It is not uncommon to see bacterial outbreaks, including salmonella, peak in the summer when a lot of cooking and food-handling takes place outdoors. Researchers found 126 people in Georgia infected with salmonella in the summers of 1998 and 1999. They say all the infections were from eating contaminated barbecued pork.
"Any meat that is undercooked or not handled properly can be contaminated and can make you sick," says Catherine Rebmann, an author and epidemiologist at Georgia Division of Public Health in Atlanta.
Rebmann, who presented the findings at the International Conference on Emerging Infectious Disease in Atlanta, says, "The most important thing is to avoid eating undercooked or improperly handled meat," especially for pregnant women and people who are immunocompromised.
Researchers say salmonella lurks in the pig's digestive tract and may contaminate the carcass during processing. The outbreaks were probably caused by a failure to reach a temperature while grilling that was sufficient to kill pathogenic bacteria. This means the meat was not cooked all the way through.
Dr. Sumathi Sivapalasingam of the Foodborne and Diarrheal Diseases Branch at the Centers for Disease Control and Prevention in Atlanta, says that cooking veal, lamb and pork thoroughly means the meat's internal temperature has to reach 160 degrees Fahrenheit or more. The temperature should be 165 degrees for poultry and ground meat, she says.
Sivapalasingam cautions that people should avoid partially cooking the meat at home and then finishing cooking it on outdoor barbecue grills. "Subsequent cooking may not kill the bacteria that might have contaminated the meat in the process of transporting the meat from home to the barbecue area," says Sivapalasingam. "We recommend cooking the meat fully at the picnic site."
The United States Department of Agriculture has a meat and poultry hotline for barbecue cooking safety tips. Call 1-800-535-4555 for more information.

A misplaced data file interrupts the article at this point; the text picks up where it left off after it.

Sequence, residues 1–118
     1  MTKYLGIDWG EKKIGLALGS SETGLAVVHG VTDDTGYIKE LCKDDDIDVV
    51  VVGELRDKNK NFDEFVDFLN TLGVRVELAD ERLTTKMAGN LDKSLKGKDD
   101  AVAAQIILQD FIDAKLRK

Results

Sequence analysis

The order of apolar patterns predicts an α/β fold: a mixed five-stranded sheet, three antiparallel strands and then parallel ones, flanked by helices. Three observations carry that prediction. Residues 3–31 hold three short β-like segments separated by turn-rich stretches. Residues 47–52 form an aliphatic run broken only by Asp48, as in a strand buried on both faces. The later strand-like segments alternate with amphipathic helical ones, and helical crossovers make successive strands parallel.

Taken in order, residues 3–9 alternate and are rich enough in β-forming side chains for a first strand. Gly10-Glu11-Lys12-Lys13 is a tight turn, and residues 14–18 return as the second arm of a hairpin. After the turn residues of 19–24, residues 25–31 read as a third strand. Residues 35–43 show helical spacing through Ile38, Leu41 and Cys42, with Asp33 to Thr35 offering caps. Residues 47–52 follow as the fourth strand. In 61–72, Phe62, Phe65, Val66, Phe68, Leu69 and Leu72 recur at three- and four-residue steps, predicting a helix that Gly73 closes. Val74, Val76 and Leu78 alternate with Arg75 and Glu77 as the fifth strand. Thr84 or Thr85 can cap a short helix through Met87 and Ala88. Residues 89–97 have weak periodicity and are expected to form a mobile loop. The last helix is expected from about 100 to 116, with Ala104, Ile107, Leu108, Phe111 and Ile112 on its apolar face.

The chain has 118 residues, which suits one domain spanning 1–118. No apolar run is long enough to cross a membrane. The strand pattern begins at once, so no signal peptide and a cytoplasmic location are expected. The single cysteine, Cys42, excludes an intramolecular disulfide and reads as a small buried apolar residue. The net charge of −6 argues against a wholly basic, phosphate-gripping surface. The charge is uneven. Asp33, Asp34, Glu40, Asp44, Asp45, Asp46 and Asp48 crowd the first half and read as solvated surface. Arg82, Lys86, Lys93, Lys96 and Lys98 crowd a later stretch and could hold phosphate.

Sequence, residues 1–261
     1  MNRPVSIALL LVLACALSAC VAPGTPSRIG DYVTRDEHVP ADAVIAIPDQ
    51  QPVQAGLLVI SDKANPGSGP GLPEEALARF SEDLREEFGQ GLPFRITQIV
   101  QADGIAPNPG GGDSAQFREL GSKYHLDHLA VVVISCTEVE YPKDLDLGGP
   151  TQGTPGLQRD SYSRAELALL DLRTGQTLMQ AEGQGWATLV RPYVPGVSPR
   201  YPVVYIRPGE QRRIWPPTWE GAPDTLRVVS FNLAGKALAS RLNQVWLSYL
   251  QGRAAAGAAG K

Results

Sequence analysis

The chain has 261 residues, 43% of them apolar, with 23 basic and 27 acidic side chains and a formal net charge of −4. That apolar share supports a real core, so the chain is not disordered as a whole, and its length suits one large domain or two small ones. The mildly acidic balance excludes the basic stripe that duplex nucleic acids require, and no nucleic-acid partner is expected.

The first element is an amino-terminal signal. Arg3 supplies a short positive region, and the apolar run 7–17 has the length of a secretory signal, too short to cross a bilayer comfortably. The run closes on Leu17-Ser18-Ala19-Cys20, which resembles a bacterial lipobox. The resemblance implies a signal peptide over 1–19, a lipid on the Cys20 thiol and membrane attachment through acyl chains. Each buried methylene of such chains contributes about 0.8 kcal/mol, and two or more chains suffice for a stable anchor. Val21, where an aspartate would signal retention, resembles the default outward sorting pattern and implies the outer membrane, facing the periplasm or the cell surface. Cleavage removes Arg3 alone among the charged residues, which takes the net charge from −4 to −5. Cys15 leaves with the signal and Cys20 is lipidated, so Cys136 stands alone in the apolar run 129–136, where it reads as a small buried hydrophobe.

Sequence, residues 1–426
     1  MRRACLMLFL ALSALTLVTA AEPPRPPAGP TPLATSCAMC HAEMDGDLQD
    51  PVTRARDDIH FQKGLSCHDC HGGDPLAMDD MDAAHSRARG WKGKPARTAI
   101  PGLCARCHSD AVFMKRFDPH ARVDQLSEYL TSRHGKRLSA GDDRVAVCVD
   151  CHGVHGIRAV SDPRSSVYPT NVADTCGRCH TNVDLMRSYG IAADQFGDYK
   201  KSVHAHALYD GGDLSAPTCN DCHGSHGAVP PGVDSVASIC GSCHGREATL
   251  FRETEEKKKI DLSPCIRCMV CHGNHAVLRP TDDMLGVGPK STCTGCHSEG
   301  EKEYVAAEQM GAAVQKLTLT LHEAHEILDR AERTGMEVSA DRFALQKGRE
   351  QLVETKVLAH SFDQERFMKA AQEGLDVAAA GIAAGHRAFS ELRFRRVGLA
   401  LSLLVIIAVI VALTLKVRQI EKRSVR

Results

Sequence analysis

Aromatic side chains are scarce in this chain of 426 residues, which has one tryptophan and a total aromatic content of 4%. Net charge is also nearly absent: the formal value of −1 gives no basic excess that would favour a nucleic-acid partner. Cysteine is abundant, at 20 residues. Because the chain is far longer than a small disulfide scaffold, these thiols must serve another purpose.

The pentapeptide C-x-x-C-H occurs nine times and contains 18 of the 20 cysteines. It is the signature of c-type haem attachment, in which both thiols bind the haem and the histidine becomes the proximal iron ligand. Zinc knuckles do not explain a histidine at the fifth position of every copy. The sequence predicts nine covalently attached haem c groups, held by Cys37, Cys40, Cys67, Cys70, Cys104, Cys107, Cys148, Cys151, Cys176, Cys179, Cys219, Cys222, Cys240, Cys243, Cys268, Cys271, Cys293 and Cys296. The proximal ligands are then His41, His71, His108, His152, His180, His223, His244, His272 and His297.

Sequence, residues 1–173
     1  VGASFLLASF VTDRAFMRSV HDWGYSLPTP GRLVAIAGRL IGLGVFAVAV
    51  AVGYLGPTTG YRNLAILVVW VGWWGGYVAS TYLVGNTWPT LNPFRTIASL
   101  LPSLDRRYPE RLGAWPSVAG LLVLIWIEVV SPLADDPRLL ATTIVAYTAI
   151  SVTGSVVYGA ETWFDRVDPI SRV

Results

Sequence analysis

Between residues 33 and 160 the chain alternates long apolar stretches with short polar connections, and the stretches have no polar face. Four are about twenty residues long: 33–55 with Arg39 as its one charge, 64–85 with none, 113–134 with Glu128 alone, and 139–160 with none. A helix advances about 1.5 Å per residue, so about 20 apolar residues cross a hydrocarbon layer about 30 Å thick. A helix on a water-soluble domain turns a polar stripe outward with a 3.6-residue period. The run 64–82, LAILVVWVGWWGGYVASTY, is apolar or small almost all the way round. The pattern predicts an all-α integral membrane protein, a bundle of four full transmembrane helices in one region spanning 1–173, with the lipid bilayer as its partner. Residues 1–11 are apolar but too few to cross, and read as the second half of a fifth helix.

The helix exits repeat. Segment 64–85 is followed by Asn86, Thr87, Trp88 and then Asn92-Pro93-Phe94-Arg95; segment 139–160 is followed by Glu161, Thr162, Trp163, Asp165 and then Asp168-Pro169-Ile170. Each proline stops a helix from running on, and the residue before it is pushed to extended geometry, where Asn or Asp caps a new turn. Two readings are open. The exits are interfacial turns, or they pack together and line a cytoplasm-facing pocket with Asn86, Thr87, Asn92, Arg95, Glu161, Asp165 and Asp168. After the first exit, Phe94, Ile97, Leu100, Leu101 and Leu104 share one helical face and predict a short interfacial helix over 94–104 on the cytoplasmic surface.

Six Ways to Make Your Barbecues Healthier
One of the most popular rites of summer is the outdoor cookout. Unfortunately, evidence suggests that foods cooked on a charcoal, gas, or electric grill may be hazardous to your health.
The National Academy of Science has discovered a possible link between the grilling of food and the development of what are believed to be cancer-causing compounds. Some researchers suspect that when high-fat, high-protein foods, like hamburgers, are exposed to the intense, searing heat of barbecue cooking, the fat and protein turn into mutagens, chemicals that can damage the genetic material of cells and possibly cause cancer.
Since the jury is still out on whether or not grilled food definitely causes cancer, it's probably wise to reserve barbecuing for special occasions, rather than grill food regularly.
Some other guidelines to reduce the potential risks from eating grilled food include:
- Before cooking meat or poultry (or fish, if applicable), trim away fat. And don't baste foods to be grilled with butter or oil.
- Keep a spray water bottle handy to douse flare-ups.
- Position food well above the heat source.
- If noticeable amounts of fat drip and flare up as food cooks, lower the flame or move the food to another part of the grill.
- Cook food until it's done, but avoid charring it. The longer food is grilled and the blacker it gets, the higher the risk.
- To avoid charring fish and vegetables, wrap them in aluminum foil.
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